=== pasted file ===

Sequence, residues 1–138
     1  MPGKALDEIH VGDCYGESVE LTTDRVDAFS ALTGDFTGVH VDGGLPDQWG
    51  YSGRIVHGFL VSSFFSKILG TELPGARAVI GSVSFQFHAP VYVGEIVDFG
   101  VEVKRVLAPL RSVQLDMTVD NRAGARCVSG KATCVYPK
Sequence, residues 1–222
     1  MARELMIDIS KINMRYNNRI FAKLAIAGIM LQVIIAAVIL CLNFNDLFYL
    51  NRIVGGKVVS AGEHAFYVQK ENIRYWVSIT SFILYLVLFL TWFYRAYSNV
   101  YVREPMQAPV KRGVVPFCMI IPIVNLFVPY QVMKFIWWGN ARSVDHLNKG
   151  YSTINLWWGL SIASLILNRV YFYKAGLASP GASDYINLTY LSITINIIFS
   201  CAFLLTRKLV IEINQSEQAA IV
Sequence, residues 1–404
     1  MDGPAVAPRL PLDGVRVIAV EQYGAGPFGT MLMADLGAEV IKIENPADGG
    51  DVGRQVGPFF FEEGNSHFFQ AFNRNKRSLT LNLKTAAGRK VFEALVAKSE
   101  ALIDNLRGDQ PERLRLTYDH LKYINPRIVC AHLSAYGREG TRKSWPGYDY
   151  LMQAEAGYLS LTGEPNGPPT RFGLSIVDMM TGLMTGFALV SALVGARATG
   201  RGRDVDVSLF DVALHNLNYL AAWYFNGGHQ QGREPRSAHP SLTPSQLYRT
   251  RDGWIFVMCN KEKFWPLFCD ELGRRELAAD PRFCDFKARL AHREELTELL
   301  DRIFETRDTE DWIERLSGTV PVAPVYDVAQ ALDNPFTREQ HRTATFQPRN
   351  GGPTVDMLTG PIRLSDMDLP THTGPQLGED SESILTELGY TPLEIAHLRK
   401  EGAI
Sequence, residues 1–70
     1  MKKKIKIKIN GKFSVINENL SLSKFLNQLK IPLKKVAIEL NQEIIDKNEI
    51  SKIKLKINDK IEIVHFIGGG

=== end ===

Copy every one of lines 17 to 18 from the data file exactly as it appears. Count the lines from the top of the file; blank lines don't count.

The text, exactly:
   251  RDGWIFVMCN KEKFWPLFCD ELGRRELAAD PRFCDFKARL AHREELTELL
   301  DRIFETRDTE DWIERLSGTV PVAPVYDVAQ ALDNPFTREQ HRTATFQPRN